For example, consider a retailer’s demand forecast for product A in region B within store C. Whereas predictive models rely exclusively on historical volumes to generate the forecast, there’s so many other factors to consider. Like what? How about the weather in region B? And what if store C built a new parking garage? Or what if a major competitor opens a location across the street? Don’t factors like these also impact product demand?
Of course they do. And machine learning models are designed to capture scenarios like the examples above.
But these machine-based forecast insights also come with a cost. What cost? Machine learning models are hard to scale across a sophisticated organization. In other words, there’s not one-button to click. Not to mention, machine learning also requires data scientists to work side by side with finance teams.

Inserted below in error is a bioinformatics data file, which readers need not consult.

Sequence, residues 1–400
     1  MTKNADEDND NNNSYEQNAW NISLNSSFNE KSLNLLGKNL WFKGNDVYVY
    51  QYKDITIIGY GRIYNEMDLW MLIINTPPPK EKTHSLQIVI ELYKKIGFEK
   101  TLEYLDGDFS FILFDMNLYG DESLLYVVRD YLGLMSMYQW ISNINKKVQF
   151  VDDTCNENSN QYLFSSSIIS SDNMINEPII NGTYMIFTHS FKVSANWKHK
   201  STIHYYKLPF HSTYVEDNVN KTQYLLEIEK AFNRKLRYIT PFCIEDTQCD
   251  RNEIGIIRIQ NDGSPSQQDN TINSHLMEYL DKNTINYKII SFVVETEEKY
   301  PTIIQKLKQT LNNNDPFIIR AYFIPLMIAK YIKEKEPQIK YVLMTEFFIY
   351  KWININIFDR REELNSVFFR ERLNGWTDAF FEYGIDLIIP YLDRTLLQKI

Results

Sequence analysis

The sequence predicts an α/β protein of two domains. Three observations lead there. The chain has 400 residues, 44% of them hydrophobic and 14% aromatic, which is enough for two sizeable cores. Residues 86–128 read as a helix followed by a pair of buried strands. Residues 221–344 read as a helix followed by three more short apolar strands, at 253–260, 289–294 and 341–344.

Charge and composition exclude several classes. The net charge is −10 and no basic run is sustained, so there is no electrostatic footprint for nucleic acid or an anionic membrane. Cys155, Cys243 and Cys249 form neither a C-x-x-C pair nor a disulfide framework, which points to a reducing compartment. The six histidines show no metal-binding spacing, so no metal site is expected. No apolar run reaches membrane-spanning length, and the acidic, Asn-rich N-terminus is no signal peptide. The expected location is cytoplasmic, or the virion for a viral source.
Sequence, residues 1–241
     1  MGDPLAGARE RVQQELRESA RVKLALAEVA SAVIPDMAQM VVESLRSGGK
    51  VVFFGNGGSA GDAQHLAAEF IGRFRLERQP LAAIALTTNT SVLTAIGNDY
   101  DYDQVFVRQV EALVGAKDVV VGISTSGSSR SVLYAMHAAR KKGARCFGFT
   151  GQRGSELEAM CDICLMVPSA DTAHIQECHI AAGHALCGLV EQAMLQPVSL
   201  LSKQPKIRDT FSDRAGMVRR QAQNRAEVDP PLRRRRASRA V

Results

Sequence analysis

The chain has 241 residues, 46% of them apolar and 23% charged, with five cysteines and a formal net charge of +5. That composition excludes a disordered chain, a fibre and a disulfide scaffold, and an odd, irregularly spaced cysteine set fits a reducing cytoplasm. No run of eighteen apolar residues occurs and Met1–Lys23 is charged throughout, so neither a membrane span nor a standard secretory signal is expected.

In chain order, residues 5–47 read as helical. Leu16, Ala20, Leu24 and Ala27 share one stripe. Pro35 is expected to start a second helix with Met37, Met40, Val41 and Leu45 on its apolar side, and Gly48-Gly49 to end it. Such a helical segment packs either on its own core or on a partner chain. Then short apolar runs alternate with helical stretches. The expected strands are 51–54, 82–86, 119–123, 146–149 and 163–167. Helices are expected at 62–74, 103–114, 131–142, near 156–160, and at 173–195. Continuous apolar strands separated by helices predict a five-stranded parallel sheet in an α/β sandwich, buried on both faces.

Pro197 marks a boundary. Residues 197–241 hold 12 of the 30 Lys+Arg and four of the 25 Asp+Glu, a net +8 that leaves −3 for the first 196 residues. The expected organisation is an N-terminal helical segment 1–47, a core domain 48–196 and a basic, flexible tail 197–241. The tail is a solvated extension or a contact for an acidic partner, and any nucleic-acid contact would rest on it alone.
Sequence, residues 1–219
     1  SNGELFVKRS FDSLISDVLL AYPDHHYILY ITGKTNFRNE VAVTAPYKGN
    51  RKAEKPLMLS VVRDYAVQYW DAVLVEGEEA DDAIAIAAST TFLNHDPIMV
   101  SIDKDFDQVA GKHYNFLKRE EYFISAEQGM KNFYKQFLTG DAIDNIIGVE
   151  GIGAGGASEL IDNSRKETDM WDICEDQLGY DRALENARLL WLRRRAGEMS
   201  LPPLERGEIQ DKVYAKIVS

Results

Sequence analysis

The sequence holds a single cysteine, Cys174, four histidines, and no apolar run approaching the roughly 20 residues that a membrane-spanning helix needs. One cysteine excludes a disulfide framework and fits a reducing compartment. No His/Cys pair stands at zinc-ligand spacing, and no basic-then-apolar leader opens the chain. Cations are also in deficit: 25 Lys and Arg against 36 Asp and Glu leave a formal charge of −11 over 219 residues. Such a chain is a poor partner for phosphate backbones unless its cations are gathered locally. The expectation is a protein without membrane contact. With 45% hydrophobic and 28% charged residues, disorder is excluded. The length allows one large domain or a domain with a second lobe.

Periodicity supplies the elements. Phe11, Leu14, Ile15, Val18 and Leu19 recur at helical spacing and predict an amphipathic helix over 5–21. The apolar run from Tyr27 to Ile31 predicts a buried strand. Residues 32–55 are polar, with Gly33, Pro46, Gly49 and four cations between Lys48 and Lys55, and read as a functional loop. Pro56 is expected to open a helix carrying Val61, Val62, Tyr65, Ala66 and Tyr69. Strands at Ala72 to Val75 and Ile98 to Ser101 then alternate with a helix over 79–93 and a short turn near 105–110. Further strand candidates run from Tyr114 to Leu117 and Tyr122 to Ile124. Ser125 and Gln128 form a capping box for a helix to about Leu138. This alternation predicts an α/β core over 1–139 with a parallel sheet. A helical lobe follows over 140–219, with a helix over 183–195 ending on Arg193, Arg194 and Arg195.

Bringing It All Together
Ultimately, it’s not a question of whether predictive analytics or machine learning is better or worse than the other. As I shared with the audience, the bigger and more important point for finance teams is to know what you’re trying to achieve with advanced analytics and then select the right technique.
Both predictive analytics and machine learning offer FP&A teams a new way to ask “why”. And there’s nothing bad about having an unbiased forecast scenario to help drive dialogue with business partners.
In fact, that’s part of unleashing finance!
For more on Guardian’s journey and to learn about the future of FP&A, click here to watch and listen to the replay of the webinar.
Re-posted with permission from Source